The study’s sample size was determined according to Cohen’s statistical power analysis for analysis of variance (ANOVA) design [13]. This process was performed using R software (www.r-project.org, version 3.3.1., 2016.06.21) setting a Cohen’s effect size [13] (Cohen’s f) of 0.50, a maximum significance level of 0.05, and a minimum power of 0.80. The resulting sample size was 17 participants in each group.

2.3. Intervention

Participants were randomly assigned to an intervention or control group using a randomization algorithm (http://www.graphpad.com/quickcalcs/randomize1.cfm), which was applied twice to ensure full randomization. Participants in both groups followed usual care throughout the study duration, and the intervention group also participated in 18 slackline intervention sessions within 6 weeks (three 30-min sessions per week on non-consecutive days).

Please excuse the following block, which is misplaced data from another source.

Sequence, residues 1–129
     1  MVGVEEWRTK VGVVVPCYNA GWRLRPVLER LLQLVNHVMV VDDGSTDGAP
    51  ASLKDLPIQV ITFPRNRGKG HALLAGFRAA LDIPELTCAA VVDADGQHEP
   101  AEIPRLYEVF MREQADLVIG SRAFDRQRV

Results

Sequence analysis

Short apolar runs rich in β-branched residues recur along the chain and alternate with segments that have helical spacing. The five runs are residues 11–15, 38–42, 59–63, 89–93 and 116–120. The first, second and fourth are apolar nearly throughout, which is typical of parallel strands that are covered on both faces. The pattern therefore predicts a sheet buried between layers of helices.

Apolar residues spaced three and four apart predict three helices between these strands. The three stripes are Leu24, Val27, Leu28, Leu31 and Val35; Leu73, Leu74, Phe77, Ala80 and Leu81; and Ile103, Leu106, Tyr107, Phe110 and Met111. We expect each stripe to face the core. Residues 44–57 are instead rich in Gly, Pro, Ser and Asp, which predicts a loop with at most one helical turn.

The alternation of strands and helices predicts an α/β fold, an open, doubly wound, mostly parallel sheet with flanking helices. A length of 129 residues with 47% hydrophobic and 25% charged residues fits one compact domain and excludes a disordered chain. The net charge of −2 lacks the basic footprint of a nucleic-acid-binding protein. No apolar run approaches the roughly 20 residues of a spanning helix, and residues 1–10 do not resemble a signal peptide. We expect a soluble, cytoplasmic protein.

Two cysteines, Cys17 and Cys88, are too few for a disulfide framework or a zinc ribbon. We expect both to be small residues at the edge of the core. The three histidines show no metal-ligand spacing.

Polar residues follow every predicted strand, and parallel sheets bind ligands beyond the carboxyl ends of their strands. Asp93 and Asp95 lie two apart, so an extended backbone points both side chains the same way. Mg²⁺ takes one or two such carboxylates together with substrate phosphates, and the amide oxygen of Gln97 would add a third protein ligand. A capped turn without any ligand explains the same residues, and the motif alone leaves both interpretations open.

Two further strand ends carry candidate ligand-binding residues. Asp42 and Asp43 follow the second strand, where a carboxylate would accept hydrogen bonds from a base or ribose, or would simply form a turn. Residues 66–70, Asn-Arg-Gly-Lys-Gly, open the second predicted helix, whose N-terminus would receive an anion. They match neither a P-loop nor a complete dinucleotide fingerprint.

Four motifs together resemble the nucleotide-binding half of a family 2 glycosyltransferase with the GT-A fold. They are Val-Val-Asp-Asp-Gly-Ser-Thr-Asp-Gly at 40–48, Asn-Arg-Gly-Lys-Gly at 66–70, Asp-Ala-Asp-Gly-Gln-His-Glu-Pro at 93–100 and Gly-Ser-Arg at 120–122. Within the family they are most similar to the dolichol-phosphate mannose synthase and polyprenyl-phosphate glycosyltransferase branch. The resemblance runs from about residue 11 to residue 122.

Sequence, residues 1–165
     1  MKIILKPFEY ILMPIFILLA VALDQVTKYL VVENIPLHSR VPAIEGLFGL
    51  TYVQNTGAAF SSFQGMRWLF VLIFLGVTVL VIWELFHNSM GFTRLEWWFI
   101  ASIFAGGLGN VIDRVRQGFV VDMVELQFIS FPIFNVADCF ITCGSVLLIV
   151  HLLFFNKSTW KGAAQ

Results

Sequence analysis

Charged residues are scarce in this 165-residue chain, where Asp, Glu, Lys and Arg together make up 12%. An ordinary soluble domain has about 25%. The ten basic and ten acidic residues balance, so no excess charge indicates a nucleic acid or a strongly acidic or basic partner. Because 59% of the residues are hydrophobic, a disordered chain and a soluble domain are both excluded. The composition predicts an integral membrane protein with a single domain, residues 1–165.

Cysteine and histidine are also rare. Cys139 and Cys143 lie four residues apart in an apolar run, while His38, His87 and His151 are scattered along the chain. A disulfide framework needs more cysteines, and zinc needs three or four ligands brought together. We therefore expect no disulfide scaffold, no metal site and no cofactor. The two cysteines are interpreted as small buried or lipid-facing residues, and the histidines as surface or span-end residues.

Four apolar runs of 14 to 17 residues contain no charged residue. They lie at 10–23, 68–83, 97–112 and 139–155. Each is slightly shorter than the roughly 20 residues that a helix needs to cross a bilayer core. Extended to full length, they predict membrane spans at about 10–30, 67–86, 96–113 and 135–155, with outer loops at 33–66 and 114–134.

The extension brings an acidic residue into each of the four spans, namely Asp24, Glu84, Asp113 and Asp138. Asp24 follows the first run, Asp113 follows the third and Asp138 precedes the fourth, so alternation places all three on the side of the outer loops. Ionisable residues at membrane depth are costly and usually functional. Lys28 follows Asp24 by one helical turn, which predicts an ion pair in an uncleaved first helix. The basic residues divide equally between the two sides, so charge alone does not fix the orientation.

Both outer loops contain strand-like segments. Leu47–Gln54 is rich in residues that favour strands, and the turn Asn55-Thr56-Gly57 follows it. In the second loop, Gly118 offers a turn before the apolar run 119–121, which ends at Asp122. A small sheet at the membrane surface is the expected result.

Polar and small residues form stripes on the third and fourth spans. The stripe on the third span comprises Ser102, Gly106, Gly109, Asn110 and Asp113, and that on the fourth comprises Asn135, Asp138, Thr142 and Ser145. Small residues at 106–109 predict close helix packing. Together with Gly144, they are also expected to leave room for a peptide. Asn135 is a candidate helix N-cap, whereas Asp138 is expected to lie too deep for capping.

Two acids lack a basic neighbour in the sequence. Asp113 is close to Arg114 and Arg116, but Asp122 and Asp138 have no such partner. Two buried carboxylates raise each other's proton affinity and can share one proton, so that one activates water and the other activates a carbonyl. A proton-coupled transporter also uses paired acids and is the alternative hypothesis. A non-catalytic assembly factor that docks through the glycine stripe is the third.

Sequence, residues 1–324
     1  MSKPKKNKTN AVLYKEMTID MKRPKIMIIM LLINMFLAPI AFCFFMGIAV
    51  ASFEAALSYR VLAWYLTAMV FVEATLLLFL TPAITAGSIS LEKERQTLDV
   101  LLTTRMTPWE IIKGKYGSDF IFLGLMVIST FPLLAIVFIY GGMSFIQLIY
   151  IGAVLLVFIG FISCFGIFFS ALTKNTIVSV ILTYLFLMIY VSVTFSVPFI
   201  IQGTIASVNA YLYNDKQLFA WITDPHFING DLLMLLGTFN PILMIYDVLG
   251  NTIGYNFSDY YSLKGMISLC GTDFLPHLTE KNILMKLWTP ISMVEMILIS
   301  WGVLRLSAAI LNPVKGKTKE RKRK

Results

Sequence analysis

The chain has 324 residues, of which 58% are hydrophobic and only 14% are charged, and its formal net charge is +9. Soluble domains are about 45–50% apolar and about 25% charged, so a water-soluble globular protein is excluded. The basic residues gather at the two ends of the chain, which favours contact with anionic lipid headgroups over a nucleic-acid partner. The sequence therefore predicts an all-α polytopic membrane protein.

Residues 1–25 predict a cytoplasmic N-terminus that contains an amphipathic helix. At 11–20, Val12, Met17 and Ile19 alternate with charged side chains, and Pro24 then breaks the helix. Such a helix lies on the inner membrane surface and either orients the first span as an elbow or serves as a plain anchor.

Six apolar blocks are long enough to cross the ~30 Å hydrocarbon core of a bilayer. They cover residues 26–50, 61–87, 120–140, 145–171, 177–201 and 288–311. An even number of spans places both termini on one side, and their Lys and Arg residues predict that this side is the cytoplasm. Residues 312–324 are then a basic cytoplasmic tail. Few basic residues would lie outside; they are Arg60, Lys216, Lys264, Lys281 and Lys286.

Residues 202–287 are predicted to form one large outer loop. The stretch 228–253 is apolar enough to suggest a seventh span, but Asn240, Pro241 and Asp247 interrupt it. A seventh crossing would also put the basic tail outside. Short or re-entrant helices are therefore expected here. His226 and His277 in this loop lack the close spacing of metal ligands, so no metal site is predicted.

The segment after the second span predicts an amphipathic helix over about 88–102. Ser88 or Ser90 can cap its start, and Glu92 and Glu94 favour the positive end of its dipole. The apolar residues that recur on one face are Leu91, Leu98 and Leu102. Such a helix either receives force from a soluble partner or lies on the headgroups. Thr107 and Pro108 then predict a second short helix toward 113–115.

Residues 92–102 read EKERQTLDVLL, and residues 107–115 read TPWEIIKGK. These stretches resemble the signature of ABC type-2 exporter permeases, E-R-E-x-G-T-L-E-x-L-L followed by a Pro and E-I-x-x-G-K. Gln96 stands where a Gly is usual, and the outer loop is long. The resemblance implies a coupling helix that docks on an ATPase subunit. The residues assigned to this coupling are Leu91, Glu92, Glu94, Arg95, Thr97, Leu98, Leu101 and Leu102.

Each intervention session included a 10-min warm-up period with stretching of the main locomotive system muscles, followed by 15 min of slackline tasks, and ending with a 5-min cool-down phase including active and static stretching. Slackline tasks consisted of maintaining simple body postures in the bipedal position, taking forward and backward steps and performing 90º turns (see Table 1 for more details). All intervention exercises were supervised for the same therapist, who was not the patients’ habitual one (he/she was not informed of the study’s goals). All exercises were performed with participants barefooted on a slackrack (Gibbon™ Slackrack 300, ID Sports, Stuttgart, Germany; height: 30 cm; length: 3 m; width: 5 cm).